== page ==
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The development of the USGS Total Water Level and Coastal Change forecast in the Great Lakes was featured in a story on UWWM 89.7, a National Public Radio affiliate in Milwaukee, WI.

Lake superior beach with sand, dune, driftwood, grass and trees
Coastal communities on the Great Lakes may experience coastal change, including dune erosion. The USGS and NOAA are developing the Total Water and Coastal Change Forecast at sites like this one in Ontonagon, Michigan to provide communities with real-time information for decision making.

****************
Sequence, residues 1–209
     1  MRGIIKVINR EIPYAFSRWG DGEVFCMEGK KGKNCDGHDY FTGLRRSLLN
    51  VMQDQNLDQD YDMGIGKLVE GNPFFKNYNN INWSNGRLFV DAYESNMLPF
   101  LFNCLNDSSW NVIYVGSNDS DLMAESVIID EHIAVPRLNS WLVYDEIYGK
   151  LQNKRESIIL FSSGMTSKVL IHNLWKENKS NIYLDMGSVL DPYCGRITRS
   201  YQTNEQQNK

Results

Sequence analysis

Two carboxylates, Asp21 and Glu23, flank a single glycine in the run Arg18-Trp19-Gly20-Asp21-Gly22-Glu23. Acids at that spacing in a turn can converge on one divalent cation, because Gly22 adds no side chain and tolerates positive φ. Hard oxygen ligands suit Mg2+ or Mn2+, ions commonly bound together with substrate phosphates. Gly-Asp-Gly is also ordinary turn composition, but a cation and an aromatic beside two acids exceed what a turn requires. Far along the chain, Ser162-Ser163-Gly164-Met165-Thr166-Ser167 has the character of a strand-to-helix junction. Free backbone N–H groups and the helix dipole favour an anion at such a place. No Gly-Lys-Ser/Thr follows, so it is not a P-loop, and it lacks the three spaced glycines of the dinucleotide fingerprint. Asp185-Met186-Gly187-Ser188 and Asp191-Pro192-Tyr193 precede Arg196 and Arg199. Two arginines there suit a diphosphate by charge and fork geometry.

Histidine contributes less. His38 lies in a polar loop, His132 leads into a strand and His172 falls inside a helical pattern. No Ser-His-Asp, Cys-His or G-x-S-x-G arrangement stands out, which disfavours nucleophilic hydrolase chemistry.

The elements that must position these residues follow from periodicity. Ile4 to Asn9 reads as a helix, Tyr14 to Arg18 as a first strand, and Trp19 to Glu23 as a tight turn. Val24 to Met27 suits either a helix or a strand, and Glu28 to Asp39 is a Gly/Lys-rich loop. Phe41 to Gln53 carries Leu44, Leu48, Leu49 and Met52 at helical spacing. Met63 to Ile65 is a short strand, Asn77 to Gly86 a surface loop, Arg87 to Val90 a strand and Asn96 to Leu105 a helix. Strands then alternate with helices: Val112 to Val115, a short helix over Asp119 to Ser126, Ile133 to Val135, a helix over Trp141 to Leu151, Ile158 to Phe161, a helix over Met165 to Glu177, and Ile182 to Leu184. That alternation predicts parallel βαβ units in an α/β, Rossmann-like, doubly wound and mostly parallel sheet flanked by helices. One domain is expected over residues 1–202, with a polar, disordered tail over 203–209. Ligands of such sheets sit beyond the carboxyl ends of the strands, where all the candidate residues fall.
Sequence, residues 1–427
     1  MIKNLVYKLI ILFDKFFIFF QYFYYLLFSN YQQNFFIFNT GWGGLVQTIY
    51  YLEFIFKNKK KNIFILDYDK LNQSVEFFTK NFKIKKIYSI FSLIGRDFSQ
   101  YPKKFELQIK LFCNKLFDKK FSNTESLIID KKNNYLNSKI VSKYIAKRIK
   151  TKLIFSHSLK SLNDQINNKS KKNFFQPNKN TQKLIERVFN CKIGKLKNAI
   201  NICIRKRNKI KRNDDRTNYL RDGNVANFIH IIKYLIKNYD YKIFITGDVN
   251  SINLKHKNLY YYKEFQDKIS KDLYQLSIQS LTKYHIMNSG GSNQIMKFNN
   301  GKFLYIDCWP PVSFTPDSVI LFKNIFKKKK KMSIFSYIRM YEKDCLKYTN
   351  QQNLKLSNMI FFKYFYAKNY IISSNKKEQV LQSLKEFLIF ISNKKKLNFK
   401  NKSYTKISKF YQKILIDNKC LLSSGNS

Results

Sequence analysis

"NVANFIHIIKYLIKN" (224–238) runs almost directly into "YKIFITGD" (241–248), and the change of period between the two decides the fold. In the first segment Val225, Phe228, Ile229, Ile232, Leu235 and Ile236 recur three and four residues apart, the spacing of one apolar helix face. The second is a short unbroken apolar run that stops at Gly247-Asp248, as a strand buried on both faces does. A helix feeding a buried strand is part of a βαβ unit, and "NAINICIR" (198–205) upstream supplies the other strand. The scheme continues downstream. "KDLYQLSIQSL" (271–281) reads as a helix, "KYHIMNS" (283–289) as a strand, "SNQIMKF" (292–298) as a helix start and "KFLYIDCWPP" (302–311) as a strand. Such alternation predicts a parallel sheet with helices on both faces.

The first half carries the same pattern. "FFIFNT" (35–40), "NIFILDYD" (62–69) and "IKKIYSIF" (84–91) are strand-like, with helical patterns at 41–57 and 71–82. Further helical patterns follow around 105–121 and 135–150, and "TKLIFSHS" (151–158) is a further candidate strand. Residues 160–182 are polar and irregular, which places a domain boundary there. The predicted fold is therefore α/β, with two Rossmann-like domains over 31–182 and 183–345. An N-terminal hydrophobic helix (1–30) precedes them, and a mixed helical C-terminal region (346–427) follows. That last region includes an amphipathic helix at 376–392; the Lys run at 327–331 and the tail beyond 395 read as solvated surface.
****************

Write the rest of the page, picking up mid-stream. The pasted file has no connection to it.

The USGS/NOAA Total Water Level and Coastal Change forecast extends along 4,700 km of U.S. Atlantic and Gulf of Mexico sandy coastline. The forecast describes the potential for dune erosion, overwash, and beach flooding (inundation) due to waves and water levels. An effort by the USGS Coastal Change Hazards Team is underway to extend the forecast to the Great Lakes and include the effects of ice on wave runup at the shoreline. Meg Palmsten, SPCMSC Research Oceanographer, was interviewed by NPR and gave this radio story, which describes the forecast development and explains possible applications of the forecast for communities along the coast of the Great Lakes.

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